Architectural Kata Budapest

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Architectural Kata

Architectural Kata

I first got into contact with this notion at the SoCraTes conference in 2012 when Benjamin facilitated not one, but two sessions. Unfortunately then I could not have attended as I was too tired from the sessions I had facilitated.
Last year I met again Benjamin at the XP Germany conference. Then I really attended his session. You can read more about that here.

We (mostly my brother Alex) decided to bring this Architectural Kata to the Bucharest community. And last week we had the first one.

The main idea behind this concept is that you cannot be a good architect if you do not have the experience. If you are an architect you create maybe 10-15 systems in your life, so that is surely not enough to be a good one. So with this session we do a repetitive exercise of creating architectures for some requirements.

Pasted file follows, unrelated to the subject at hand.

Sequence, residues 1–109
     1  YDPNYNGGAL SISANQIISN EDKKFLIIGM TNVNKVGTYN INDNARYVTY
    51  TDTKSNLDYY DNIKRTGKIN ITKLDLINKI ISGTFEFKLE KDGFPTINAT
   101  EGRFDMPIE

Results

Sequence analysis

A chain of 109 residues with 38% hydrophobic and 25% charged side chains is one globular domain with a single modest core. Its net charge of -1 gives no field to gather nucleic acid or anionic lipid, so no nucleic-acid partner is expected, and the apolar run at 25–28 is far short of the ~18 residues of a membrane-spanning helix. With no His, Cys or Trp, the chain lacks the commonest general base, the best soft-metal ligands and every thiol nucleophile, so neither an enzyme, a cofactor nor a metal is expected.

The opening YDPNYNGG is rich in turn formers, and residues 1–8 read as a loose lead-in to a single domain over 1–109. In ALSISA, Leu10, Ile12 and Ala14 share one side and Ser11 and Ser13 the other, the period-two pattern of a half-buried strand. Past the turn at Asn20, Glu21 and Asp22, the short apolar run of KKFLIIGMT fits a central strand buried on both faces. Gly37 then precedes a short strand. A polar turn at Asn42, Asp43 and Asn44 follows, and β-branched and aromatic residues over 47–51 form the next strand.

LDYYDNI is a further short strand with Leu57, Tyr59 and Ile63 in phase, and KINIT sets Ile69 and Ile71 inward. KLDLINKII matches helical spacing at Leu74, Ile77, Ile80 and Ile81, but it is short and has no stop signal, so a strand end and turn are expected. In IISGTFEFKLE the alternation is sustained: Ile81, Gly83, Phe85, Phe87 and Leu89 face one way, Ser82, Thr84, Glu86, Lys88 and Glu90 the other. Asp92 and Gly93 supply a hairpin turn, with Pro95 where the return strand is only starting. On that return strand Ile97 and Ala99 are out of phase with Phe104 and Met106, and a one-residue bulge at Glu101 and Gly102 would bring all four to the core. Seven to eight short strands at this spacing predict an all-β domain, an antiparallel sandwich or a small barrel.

Architectural Kata

Architectural Kata

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Kudos for the Global Day of Coderetreat 2012

Global Day of Coderetreat 2012

As last year I helped the coderetreat first-time facilitators to jump-in and organize their first coderetreat. I had some training sessions on Google Hangout during which I talked with a lot of passionate professionals from all over the world. Together with me Jim Hurne had done the same effort to spread his knowledge about the way he facilitates a coderetreat.

Jim has done a lot of work for the Global Day, he added the sessions on the coderetreat.org website created, the hangouts for all the registered attendees for each session, and a lot of other very useful things. He was full of energy and I want to thank him for all that effort, I don’t think the Global Day would have been that successful without his sustained effort.

I chose to go to Cluj-Napoca to facilitate the coderetreat on the Global Day. I had talked with the Cloud Troopers company about hosting a community event, and this was the time. They were kind enough to sponsor also the lunch. Out host was Georgiana Gligor, and she was very keen to see what a coderetreat is all about.